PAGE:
Texas Tech Theta Chi chapter suspended for 'Vick 'Em' shirts
By Michelle Casady, Daily Toreador
What started as a fundraiser for the Theta Chi fraternity has ended with the organization's suspension from Texas Tech University.
As a way to raise money for the fraternity, some of its members designed and sold a T-shirt depicting the likeness of Michael Vick hanging Texas A&M University's mascot, Reveille, from a noose.
Vick, a former NFL quarterback, recently pleaded guilty to a federal dogfighting conspiracy charge.
"I came up with the idea and I drew it," said Scott Klingle, a member of Theta Chi and a senior visual studies major from Victoria, Texas.
Despite the negative press the T-shirt has received, Klingle said, "I'm an artist, that's what I live for. I want my work to be noticed."
Klingle said he is not worried about repercussions.
"There's no reason for me to get in trouble," he said. "It's freedom of speech."
The T-shirts were not designed with the intention of condoning animal cruelty, he said.
"It's all in good fun," Klingle said.
The T-shirts were printed at Blue Cricket Graphics in Lubbock, Texas, and store manager Jose Lopez said printing has been stopped at the request of the Collegiate Licensing Company.
Lopez said because his contract with the university has stipulations that could have resulted in him losing his license, he said he agreed to stop printing the shirt.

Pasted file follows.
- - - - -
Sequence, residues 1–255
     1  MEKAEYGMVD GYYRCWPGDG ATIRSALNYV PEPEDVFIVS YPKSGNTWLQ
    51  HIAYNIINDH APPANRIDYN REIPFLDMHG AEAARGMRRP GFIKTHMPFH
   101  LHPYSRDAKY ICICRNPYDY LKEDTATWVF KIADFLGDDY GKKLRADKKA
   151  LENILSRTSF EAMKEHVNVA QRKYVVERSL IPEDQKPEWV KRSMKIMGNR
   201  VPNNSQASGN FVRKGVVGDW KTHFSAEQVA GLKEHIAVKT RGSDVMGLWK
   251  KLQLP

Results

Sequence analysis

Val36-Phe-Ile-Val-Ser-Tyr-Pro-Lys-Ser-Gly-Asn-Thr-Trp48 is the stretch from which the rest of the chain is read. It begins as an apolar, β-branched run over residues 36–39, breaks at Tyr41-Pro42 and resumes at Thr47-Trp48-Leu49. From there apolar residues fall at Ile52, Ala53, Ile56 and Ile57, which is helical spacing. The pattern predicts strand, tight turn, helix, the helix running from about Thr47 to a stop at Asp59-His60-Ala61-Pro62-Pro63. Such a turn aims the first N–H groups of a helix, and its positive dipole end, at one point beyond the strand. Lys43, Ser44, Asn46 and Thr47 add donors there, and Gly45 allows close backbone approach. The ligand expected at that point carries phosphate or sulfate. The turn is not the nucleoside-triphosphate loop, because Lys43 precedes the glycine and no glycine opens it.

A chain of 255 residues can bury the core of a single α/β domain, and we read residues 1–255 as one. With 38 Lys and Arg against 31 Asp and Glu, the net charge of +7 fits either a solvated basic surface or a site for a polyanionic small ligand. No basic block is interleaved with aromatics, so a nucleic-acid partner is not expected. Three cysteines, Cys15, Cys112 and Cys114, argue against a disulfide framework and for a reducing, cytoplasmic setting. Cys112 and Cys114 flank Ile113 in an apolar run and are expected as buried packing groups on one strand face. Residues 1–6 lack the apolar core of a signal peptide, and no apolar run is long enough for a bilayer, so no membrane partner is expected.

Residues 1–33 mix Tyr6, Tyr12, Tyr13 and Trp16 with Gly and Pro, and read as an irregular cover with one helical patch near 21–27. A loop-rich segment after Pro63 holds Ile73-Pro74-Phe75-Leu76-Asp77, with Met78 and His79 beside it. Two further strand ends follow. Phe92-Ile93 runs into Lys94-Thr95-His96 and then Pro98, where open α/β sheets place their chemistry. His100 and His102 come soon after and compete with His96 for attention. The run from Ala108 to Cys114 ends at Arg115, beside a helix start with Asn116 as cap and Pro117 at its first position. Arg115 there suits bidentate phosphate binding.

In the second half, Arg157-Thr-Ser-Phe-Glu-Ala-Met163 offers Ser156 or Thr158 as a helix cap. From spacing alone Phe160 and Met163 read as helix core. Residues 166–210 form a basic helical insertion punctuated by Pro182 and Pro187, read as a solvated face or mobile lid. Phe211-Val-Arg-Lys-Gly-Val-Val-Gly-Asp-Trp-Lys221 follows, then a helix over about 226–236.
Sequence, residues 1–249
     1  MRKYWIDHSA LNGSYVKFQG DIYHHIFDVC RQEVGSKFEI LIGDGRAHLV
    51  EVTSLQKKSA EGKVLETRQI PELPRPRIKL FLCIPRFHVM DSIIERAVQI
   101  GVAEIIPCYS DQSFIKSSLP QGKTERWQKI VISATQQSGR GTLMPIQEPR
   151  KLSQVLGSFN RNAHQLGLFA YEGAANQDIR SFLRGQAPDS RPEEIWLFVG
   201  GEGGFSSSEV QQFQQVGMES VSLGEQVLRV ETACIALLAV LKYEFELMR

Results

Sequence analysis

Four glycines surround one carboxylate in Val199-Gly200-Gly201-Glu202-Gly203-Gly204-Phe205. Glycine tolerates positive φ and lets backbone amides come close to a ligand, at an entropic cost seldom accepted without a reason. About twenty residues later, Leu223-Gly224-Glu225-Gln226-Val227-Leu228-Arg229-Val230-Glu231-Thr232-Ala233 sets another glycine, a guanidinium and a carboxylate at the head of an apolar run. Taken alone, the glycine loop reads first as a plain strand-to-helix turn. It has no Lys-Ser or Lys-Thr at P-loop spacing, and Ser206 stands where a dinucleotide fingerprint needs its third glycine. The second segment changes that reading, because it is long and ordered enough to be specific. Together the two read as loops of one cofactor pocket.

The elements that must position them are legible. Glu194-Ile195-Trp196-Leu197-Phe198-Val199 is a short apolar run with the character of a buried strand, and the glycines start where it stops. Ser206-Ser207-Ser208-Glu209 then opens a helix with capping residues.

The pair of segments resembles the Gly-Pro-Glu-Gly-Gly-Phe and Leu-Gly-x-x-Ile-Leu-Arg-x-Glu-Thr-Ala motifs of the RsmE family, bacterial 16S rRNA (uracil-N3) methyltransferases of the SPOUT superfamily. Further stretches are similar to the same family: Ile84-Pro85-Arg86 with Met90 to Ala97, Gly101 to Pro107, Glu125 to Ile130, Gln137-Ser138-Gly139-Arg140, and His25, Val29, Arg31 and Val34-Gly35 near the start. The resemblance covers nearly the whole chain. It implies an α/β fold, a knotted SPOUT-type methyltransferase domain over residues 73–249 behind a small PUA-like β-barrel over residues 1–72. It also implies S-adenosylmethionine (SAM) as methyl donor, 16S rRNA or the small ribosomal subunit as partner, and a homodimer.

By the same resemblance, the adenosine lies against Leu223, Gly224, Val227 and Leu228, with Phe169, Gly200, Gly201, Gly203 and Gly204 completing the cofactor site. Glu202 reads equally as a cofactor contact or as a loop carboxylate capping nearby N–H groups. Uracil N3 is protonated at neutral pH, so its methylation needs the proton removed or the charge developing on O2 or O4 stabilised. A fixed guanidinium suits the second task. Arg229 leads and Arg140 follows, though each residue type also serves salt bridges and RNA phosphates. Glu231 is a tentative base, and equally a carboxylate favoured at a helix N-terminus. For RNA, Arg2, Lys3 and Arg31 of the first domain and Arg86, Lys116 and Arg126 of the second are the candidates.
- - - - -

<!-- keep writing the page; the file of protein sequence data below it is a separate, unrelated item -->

In all, Lopez said fewer than 300 "Vick 'Em" T-shirts were printed.
When approached by members of Theta Chi to print the T-shirts, Lopez said he was told half of the proceeds from the sales would go to the Student Animal Legal Defense Fund.
"We gave (the shirts) to them at wholesale price because they were doing this for the game and for animal rights," he said.
Geoffrey Candia, a member of Theta Chi and a sophomore business major from San Antonio, Texas, was the self-proclaimed main contact for obtaining a T-shirt.
However, Robyn Katz, a first-year law student and president of the Tech chapter of the Student Animal Legal Defense Fund, said she would not accept money from the sale of the T-shirts because of their controversial nature.
"I think that's ridiculous. Because if he actually thinks we're going to take money raised by that, he's ridiculous," she said.
Katz suggested if Candia wanted to do something to promote animal rights he should volunteer his time at the Haven Animal Shelter in Lubbock.
Candia said regardless of which organization is chosen, someone will receive the proceeds.
"If she won't take the money, we won't give it to her," he said. "We'll find someone else to give it to."
During a meeting with the judicial review board Tuesday, Theta Chi took full responsibility for the selling of the T-shirts, Candia said.
"There's no way to dispute that, plain and simple," he said. "Theta Chi was selling the T-shirts."
He said he believes some administrators' desires to completely remove the fraternity from campus was an overreaction.
"But kicking us off campus, the punishment didn't fit the crime," he said.